By Dave Fornell
June 25, 2008 - Panasonic today released its Toughbook U1 hand-held computer designed for clinical mobile computing, which is in between the size of a tablet PC and a PDA device, and works using a full Windows XP or Vista operating system.
The ultra-mobile PC (UMPC) computer weighs just under 2 pounds, has a 5.6-inch glare-resistant LCD touch-screen, and measures 7 by 5.75 by 2 inches. Unlike a PDA, which uses a limited operating system, the U1 can use full operating system so it can easily integrate into a hospital's existing computer systems.
"The idea of this new category of devices is an ultra-mobile PC that is much smaller than a laptop, but can still run full software, unlike a PDA," said Greg Davidson, senior business healthcare development manager for Panasonic. "Consider it like a very large Blackberry."
Panasonic envisions the device being used for mobile computing applications such as bar-code medication administration, vitals signs capture, review of electronic medical records and home healthcare visiting nurses.
A unique feature of the U1 is its use of a dual battery system, where one battery can be removed and a fresh one installed without having to turn the computer off. The battery life of the two batteries prior to needing a recharge is about six to eight hours, which is a limitation of most mobile computers. However, the dual battery system allows the U1 to be used constantly through an entire shift and be swapped off to incoming shifts without needing to leave the device in a recharger, Davidson said.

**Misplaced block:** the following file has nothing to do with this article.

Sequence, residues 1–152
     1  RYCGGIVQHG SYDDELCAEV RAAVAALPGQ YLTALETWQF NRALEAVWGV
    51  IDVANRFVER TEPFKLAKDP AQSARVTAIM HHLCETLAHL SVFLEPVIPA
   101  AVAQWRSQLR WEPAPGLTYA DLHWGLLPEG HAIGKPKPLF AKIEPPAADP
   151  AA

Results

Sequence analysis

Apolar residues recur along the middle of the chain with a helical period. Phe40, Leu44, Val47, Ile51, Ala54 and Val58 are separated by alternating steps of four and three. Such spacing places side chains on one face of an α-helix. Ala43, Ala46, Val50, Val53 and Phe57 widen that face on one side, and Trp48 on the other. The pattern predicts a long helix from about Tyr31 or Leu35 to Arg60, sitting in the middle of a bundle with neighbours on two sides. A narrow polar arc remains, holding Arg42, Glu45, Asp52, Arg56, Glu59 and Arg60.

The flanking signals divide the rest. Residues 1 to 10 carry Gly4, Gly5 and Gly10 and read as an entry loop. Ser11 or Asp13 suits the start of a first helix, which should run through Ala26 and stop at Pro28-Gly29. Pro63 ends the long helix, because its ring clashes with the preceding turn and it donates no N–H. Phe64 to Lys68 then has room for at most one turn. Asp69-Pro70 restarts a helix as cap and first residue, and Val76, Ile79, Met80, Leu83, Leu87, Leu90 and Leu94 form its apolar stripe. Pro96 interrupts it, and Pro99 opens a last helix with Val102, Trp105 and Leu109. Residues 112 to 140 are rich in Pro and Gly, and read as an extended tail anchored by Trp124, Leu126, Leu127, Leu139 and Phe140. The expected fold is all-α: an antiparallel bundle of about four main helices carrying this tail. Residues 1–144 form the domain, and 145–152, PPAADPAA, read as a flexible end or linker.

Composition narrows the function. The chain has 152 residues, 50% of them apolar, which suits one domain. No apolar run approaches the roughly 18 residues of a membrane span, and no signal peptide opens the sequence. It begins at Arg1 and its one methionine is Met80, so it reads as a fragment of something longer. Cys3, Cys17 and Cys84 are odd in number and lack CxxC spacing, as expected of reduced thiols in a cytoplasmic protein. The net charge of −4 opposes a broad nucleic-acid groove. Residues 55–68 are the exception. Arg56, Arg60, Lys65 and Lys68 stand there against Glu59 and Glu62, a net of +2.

"It can more easily be shared with spare batteries in a multi-charger rack," Davidson said.
It has an integrated handstrap on the back for better ergonomics when using it as a hand-held device.
This Toughbook is made to the same standards of ruggedness as its larger siblings, with a magnesium alloy case, shock mounted hard drive, and being completely sealed so it can get wet and be sprayed and wiped down for cleaning. Davidson said the device can be dropped from 3 feet and will continue to operate fine.
The U1 has a new Intel LPIA chipset with a 1GB memory maximum. It comes with either a 16GB or 32GB solid-state hard drive. The device also comes with a USB, SD slot, and a mono speaker.
Options for the U1 include 1D or 2D bar-code readers, RFID tracking, camera, biometric fingerprint reader, WAN, Bluetooth, and/or GPS.
The computer has a keyboard that can be used manually or with the help of a stylus. The keyboard is larger than what is offered on PDA or Blackberry devices, but it is still smaller than standard computer keyboards.
Accessories include an external multi-bay battery charger and a desktop cradle that allows automatic connection to a larger monitor and keyboard. The cradle will also have an extra battery charger port for two spare batteries.
Panasonic said it expects to begin shipping the new computers in the third quarter of 2008.
For more information: www.panasonic.com